GM Jim Benning used the 2019 offseason to give the blueline of the Vancouver Canucks a makeover, with the addition of Tyler Myers, Jordie Benn, and Oscar Fantenberg and the addition by subtraction of Derrick Pouliot—to say nothing of the prospect of a full season from Quinn Hughes.
Despite the renovation, some fans are still waiting with bated breath for the arrival—or, more accurately, the return—of one more defenseman. We’re talking, of course, about Nikita Tryamkin.
The hulking blueliner’s contract with Avtomobilist Yekaterinburg expires at the conclusion of this KHL campaign, meaning that Tryamkin could return to the Canucks—who retain his RFA rights—for the 2020/21 season. He could—in theory—even return much earlier than that.
But in order to answer the quandary posed by the headline, we’ll have to wait on some answers to a handful of other vital questions.
Does Nikita Tryamkin Want To Come Back?
Nikita Tryamkin’s exact reasons for leaving the Vancouver Canucks in the first place will likely never be known—he’s mainly cited dissatisfaction with coach Willie Desjardins’ deployment, but Desjardins had already been fired by the time Tryamkin returned to the KHL.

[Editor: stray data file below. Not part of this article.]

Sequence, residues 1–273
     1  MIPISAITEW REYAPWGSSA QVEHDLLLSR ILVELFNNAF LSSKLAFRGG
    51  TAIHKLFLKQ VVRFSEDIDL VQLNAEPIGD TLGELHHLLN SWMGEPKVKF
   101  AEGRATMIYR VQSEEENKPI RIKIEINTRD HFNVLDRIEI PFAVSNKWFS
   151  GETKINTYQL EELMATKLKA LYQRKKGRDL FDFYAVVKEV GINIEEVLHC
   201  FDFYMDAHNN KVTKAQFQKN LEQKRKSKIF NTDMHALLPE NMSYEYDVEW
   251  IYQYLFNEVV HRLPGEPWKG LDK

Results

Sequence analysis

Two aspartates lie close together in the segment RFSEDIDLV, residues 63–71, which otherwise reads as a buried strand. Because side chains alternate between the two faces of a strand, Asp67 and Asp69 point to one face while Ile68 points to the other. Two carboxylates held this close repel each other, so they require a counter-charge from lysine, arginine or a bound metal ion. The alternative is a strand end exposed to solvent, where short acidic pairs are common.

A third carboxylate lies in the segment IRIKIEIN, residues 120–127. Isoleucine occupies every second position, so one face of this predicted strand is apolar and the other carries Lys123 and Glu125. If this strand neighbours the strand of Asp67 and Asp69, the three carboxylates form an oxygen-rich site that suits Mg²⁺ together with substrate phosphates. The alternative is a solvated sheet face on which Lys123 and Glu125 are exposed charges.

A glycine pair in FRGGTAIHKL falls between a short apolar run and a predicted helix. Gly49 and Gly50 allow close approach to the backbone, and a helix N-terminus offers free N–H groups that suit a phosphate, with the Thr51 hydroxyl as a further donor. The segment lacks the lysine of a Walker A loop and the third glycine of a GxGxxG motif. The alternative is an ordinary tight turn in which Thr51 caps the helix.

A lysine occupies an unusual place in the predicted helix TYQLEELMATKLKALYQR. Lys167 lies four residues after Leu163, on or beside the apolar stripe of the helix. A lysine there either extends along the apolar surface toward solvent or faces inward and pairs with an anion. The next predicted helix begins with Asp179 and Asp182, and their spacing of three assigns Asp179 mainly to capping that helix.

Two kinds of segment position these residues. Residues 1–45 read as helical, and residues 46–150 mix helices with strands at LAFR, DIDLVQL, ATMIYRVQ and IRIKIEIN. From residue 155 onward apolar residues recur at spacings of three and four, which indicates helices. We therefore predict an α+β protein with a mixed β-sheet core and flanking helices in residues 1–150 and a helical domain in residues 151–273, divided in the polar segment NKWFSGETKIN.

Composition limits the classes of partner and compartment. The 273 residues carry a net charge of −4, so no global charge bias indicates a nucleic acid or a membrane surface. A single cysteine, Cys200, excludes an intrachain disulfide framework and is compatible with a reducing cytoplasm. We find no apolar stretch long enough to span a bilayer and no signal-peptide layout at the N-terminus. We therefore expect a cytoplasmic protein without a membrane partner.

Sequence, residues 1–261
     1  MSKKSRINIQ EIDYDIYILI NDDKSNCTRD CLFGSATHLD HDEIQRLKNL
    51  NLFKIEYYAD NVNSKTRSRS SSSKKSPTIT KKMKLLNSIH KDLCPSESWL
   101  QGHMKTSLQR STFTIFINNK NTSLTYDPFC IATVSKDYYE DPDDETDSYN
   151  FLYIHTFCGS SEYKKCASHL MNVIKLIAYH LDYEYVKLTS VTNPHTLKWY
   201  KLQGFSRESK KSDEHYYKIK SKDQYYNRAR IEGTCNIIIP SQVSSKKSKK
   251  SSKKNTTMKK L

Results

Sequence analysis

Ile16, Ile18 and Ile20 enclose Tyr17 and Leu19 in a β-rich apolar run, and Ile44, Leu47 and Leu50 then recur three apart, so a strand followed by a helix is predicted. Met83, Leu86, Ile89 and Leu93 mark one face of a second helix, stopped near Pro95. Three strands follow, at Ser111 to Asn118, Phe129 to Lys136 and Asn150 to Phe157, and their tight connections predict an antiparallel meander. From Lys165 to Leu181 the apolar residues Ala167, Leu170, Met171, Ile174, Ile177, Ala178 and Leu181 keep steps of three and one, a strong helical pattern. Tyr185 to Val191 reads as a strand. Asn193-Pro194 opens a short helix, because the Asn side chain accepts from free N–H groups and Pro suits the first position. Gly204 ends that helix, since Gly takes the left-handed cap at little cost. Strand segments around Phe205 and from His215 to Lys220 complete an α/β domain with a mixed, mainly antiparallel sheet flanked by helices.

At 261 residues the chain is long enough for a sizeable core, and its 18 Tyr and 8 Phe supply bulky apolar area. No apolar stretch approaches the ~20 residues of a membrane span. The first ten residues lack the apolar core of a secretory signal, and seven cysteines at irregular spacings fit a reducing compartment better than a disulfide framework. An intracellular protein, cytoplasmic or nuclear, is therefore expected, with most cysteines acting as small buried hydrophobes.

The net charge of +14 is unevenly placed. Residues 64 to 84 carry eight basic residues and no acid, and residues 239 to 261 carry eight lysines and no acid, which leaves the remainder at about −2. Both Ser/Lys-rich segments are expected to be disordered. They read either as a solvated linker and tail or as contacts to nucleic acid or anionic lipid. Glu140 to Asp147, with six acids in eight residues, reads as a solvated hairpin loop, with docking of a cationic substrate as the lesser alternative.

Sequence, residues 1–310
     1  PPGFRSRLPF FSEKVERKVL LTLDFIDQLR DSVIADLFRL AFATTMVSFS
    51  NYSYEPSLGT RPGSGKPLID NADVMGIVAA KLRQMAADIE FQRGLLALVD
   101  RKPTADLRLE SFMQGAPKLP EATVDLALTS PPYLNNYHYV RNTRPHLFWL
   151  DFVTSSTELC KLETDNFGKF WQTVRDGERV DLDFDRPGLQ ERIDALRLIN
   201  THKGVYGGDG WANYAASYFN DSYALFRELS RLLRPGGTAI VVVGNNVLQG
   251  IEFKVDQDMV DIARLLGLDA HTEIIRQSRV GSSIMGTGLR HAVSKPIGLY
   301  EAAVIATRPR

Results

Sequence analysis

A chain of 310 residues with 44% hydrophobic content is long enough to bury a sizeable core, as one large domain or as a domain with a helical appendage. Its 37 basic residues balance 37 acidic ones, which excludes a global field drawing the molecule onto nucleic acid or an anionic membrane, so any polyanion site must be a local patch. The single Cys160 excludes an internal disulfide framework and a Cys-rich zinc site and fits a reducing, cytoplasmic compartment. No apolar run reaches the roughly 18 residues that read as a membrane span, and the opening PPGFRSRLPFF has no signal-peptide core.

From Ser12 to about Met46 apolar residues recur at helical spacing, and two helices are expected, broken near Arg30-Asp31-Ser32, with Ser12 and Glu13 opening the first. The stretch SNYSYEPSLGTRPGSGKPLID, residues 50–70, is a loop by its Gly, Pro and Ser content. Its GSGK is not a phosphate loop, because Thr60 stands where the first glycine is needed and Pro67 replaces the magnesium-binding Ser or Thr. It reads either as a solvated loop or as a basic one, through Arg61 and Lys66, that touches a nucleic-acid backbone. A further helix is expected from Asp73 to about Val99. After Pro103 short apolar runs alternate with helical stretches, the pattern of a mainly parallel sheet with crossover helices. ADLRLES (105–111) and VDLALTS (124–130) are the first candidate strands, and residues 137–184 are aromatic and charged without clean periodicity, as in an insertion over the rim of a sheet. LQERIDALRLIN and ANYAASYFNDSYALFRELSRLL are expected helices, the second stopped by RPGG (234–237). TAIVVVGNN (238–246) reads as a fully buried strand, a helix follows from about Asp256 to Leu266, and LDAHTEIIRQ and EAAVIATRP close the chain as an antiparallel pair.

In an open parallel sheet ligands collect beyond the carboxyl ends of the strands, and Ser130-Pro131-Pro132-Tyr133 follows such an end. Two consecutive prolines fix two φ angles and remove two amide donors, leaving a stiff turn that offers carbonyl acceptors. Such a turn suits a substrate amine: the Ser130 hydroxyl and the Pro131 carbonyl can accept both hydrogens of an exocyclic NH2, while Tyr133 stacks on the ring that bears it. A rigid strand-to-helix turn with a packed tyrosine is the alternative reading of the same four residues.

Jim Benning on Tryamkin – I don't really know why he left, I think he had his reasons. We did everything on our end to convince him to stay. It could be a maturity thing. I think he made good strides.He sees the good young players in our system and maybe he wants to be part of it
— Sportsnet 650 (@Sportsnet650) June 10, 2019
Beyond that, there was the whole “dope city” thing.
Nikita Tryamkin: Vancouver is a dope city. Everywhere you go it’s not just smell, it really stinks of weed #Canucks
— Igor Eronko (@IgorEronko) September 24, 2017
Following his departure, Tryamkin has been cagey about his 2020 intentions—as this author detailed in an article last year.
In the time since, Tryamkin’s agent has made it as clear as possible that his client is leaning toward rejoining the Canucks organization—consistently dropping hints to the Vancouver media in a somewhat transparent attempt to keep the fanbase’s interest in Tryamkin alive.
Nikita Tryamkin's agent Todd Diamond on @Sportsnet650: "From the #Canucks standpoint, there is a new regime and new coaching staff. I think under this coaching staff they would have a much better ability to utilize Nikita"
— Adam Forsythe (@adamforsythe) March 22, 2019
Tryamkin has been his trademark silent self on the subject of late—but his presence on social media speaks loudly. He uses his Instagram account to interact with the official Canucks account on a regular basis—often logging on to watch livestreams of practices and other events. He’s been known to react favourably to fans’ questions about a Vancouver comeback—though almost exclusively in emoji.
His Instagram profile picture now features him in a Canucks’ jersey.